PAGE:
Eat 33 Diner Satisfies Taste Buds and Memories
Food like you remember it
Richmond food and travel writer Steve Cook takes us to Eat 33 Diner on Staples Mill in Richmond, VA, and revisits memories from breakfasts long ago.
In preparing our What’s Booming feature for this week, I found myself waxing nostalgic. No, I’m not talking about the dinosaur exhibit. Contrary to popular opinion, my memories do not include the time when those pesky creatures roamed the planet. But with Rolling Stone and Allman Brothers tribute shows coming, how could I not reflect back on my wasted youth.
I hearken back to those days when my addiction to pancakes, fried salt herring, and country ham biscuits gave me reason to get up each morning. I usually fueled those addictions at my favorite neighborhood dining spot, MacLean’s on Staples Mill. This is not to be confused with McLean’s Restaurant at 3205 W. Broad, although they do share some history.
But MacLean’s, which was located across from what was once the old Dumbarton School and then the Old Dumbarton Library, at 6901 Staples Mill Road, was closer to home and was my go-to spot until, much to my dismay, it shut its doors forever about a decade ago. However, life does go on and, much to my joy, in 2014, from the figurative ashes of MacLean’s, came Eat 33, with a menu so similar to that of the old place that it really was like déjà vu all over again.
Eat 33 Diner was the creation of the late Allen Davis, who had made a name for himself in the industry with the old Shenanigans Eatery and Pub, which had been located on MacArthur Boulevard until it closed in 2011.
Allen put his own spin on what had been a great breakfast spot. But he kept enough of the same items that had helped me to transition from a fat young man to an even fatter older man. One of those spins was adding a bar, and while alcohol was not one of my addictions, a Bloody Mary with a country ham biscuit ain’t so bad.
The thing I love the most about Eat 33 is that it really hasn’t changed that much. In fact, with the exception of offering libations, having breakfast at Eat 33 Diner is almost exactly what I remember from those golden MacLean’s years.
On my low-carb days, I’ll skip the delicious biscuits and hash browns and simply have the scrambled eggs and country ham with a cup of decaf. The eggs are always done perfectly. I like my eggs scrambled easy or juicy or whatever the correct egg term is. And there’s always a sizeable portion of country ham with just a teeny bit of fat left on. If my wife isn’t watching, I’ll go all out and nibble at the fat.
While I’m a big fan of the ham, the thing that really draws me in is the salt herring. Do you ever have one of those mornings when nothing will satisfy your fast-breaking appetite like a couple good pieces of fried salt herring? You do, if you grew up in my family. Back in the day, my father always insisted we slice a little cantaloupe to go with our salt herring. The sweetness complemented the saltiness perfectly. Unfortunately, Eat 33 doesn’t serve cantaloupe, but I do dab on a little apple butter from one of those tiny little jelly packs and enjoy it with the fish. For the uninitiated, always ask for vinegar with your herring.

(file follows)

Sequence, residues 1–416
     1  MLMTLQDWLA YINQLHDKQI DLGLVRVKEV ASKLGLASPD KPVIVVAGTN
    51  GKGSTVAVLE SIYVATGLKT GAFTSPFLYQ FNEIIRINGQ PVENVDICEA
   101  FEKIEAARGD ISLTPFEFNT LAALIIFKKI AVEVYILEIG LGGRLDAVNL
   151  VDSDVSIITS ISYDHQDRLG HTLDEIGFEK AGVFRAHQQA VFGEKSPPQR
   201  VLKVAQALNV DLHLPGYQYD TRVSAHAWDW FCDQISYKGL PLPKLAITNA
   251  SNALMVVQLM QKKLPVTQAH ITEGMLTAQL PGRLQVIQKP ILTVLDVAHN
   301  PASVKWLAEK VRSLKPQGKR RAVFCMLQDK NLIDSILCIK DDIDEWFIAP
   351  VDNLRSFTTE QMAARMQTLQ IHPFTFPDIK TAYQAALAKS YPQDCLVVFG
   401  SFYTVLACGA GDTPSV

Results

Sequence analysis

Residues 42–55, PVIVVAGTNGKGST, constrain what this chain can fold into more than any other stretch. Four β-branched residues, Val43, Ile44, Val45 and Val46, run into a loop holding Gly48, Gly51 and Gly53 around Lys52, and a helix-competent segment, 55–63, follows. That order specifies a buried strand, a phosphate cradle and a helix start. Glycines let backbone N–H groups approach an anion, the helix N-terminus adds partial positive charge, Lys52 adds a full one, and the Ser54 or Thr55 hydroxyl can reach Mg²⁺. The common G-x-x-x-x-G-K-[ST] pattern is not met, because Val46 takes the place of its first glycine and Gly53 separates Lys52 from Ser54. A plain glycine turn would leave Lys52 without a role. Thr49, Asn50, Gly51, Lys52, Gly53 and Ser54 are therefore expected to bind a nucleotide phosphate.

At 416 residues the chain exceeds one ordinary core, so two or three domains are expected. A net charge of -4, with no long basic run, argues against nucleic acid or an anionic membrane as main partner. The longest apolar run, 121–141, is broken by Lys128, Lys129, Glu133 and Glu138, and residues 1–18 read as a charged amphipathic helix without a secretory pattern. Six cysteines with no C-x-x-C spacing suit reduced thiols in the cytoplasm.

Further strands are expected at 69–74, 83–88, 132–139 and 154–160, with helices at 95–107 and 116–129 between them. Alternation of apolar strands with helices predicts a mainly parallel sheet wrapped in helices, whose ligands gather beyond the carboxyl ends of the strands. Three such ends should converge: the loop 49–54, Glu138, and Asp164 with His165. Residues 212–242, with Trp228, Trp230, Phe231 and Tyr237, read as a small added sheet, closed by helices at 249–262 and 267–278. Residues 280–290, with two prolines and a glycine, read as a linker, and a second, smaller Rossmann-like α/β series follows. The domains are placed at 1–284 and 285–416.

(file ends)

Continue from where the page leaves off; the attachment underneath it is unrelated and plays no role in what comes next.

On occasion, I’ll get a hankering for a salmon cake (again, lots of vinegar), which are about as hard to find for breakfast when dining out as is salt herring. But you can always find them at Eat 33, and, in my opinion, they prepare them perfectly, just like my mother’s.
Sometimes, I’ll wake up and want a hamburger for breakfast. Do you ever have one of those days? Well, again, Eat 33 Diner is the solution. That’s another nice thing about the place. You can get breakfast or lunch from the time they open their doors (6 a.m. weekdays, 7 a.m. on the weekends). I mean, if I should ever wake up wanting a tuna salad cold plate, I know I could get a good one at Eat 33. Same goes for chicken and dumplings or meat loaf. They serve all that from sunrise until they close their doors. That’s the only bad part. Sometimes I want one of their Big City Breakfasts (three eggs, two meats, hash browns, and a biscuit) for dinner. However, come 2 p.m. (3 p.m. on the weekends), the place is shut down for the day.
I say the menu really hasn’t changed since my old MacLean days, but, actually, there are a few more creative additions such as a grilled meatloaf and egg breakfast or their salute to our neighbors to the south – the “Hickory Hill Huevos Rancheros,” which offers ham-cooked pinto beans over cornbread with melted cheese and topped with two eggs, tomato, onion, and sour cream. But, I can honestly say that I’ve never awakened with a hankering for that.
If your taste buds are more creative than mine, check out their menu online. But if you are more into nostalgic dining, then eat at Eat 33 as well as its sister restaurant Eat 66 in the Stratford Hills Shopping Center off Forest Hill. I hope you’ll be saying “Thanks for the memories.”
6901 Staples Mill Road, Henrico